"In case it's not coming through, I think he did a fantastic job. From early on, I've been saying this is Stuart's triumph, and my job has been not to look too bad standing next to him."
If you haven't been paying attention to comics for the last few years, you might have missed the fact that Busiek is writing the hot-selling "JLA/Avengers" (or "Avengers/JLA" depending on who you ask) crossover from both DC Comics and Marvel Comics, pairing the greatest superheroes together. Superman has enjoyed his time in the spotlight, decimating an opponent some might not have expected him to beat and when asked if the Man of Steel will have some more exciting moments in the final issue, Busiek teases, "Oh, maybe a few. It's been a long haul, and I wish we'd finished up on time, but still, it'll be good to see #4 finally come out and get reader reactions to the whole story. And then we're on to the collected edition..."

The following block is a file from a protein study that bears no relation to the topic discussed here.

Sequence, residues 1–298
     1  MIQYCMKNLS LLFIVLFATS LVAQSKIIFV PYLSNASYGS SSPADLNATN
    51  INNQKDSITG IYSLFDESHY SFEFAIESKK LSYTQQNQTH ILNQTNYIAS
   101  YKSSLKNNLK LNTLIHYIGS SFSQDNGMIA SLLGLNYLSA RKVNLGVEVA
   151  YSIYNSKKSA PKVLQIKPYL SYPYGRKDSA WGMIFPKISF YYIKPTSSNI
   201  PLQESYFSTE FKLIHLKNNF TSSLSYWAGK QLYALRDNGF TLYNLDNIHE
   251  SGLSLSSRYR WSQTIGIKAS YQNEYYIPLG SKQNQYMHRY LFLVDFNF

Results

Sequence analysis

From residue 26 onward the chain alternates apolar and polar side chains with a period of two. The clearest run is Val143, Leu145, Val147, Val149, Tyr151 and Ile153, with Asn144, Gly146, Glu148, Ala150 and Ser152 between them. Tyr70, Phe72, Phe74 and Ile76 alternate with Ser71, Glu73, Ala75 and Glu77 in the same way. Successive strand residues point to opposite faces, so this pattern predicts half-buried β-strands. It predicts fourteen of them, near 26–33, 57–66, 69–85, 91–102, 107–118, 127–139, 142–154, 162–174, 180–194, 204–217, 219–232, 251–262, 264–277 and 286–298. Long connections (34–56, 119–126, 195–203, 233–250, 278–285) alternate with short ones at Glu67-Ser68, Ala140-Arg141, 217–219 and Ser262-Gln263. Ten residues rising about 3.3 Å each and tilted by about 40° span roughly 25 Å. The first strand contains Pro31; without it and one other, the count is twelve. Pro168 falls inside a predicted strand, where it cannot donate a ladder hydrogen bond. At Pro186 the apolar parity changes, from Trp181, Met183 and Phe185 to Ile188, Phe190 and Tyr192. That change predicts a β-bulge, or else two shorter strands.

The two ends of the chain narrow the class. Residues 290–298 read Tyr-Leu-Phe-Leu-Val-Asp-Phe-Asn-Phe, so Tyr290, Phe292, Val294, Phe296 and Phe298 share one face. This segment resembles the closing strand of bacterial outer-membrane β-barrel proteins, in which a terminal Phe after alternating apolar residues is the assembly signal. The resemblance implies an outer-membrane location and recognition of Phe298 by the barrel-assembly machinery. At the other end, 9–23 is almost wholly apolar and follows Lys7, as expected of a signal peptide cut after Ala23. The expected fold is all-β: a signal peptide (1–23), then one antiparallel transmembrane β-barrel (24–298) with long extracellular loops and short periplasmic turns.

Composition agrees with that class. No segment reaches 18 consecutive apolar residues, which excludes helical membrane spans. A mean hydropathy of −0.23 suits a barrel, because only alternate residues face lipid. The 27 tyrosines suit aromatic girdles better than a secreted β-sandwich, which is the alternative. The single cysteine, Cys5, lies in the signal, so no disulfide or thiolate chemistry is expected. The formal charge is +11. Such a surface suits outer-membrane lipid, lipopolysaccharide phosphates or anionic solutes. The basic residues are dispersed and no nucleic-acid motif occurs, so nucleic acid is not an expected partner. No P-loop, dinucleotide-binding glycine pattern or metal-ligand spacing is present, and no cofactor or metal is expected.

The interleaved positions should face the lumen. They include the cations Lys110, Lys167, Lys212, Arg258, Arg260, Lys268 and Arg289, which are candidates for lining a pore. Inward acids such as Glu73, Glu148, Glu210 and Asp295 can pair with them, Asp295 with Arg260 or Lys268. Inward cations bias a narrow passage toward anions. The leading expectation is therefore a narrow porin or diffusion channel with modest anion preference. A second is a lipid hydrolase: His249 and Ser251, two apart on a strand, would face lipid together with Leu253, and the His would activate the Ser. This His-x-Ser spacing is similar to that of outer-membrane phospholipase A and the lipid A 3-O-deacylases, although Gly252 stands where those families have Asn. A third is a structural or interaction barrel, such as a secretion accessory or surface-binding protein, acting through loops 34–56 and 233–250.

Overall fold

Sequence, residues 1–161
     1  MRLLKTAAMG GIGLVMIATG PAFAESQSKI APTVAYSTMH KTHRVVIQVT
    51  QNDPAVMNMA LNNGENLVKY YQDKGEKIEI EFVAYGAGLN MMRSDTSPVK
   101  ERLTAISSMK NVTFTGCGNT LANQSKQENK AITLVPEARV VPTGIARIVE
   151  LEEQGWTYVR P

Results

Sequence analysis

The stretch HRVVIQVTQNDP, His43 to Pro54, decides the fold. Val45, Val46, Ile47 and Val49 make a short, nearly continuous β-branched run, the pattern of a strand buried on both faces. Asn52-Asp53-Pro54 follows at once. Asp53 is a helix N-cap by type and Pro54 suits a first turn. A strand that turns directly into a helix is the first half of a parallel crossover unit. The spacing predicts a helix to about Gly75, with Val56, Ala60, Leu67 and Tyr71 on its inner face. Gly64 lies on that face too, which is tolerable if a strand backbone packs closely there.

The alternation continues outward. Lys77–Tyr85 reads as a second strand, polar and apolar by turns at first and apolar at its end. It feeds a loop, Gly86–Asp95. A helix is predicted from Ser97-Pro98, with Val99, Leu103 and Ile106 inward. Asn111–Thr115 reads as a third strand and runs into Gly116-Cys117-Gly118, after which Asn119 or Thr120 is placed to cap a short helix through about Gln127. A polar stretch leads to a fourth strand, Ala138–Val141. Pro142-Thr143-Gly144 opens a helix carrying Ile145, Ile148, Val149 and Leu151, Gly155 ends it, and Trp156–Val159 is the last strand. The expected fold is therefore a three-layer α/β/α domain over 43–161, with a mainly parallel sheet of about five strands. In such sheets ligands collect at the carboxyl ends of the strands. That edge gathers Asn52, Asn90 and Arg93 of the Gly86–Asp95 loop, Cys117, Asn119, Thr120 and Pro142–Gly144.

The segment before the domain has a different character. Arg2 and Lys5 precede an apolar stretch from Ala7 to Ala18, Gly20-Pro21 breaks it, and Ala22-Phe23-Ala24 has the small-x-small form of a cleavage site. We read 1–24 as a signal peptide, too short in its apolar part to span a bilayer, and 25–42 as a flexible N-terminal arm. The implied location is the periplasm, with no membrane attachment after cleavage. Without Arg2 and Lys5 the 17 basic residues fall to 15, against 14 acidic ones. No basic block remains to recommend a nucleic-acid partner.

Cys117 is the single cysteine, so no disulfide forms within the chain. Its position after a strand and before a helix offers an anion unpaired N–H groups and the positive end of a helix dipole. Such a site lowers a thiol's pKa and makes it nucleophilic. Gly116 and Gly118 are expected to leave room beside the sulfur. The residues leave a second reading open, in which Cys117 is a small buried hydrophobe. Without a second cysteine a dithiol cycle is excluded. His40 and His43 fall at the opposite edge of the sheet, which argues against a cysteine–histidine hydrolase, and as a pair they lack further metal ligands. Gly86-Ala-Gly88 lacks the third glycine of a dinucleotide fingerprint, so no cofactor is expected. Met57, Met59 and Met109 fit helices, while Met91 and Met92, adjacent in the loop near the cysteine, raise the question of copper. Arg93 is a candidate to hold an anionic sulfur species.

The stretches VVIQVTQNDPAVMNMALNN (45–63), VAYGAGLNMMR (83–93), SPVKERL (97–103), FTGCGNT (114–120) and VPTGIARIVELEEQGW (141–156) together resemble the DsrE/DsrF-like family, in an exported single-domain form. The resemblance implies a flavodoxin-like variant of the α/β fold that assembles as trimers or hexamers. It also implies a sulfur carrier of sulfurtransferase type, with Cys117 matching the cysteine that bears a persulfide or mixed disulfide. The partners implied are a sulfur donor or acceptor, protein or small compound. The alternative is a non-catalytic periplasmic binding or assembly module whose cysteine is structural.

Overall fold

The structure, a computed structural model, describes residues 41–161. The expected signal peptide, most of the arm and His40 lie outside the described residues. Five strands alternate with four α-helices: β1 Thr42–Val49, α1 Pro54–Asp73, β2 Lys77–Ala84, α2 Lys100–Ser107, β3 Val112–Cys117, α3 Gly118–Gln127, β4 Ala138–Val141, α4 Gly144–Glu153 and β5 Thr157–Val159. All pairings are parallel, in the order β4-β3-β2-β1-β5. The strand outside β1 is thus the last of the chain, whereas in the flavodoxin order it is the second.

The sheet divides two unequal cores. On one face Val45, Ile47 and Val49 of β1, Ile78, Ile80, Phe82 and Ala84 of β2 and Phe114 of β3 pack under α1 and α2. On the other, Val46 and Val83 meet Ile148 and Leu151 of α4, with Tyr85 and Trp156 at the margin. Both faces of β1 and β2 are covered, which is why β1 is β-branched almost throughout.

While "Secret Identity" is finishing up in April, you can expect more work from DC, though it won't include Busiek's recently cancelled series. "No more 'Power Company,' at least not for the foreseeable future. But I've been talking with Dan DiDio, Mike Carlin, Joey Cavalieri and others up there, and I'd say the chances of more DC for me to be pretty solid. Plus, of course, they publish 'Astro City' and 'Arrowsmith' through Wildstorm, so I'm part of things even if I wasn't part of the DCU."
So can Superman fans look forward to more Superman work from Busiek? "That'd be nice," he admits. "No concrete plans, though we've talked about me doing some Super-stuff -- and for some reason, I've been getting ideas for Superman stories recently, from nice little one-issue tales to big honking epics that'd take years. I just jot 'em down and file them for future use..."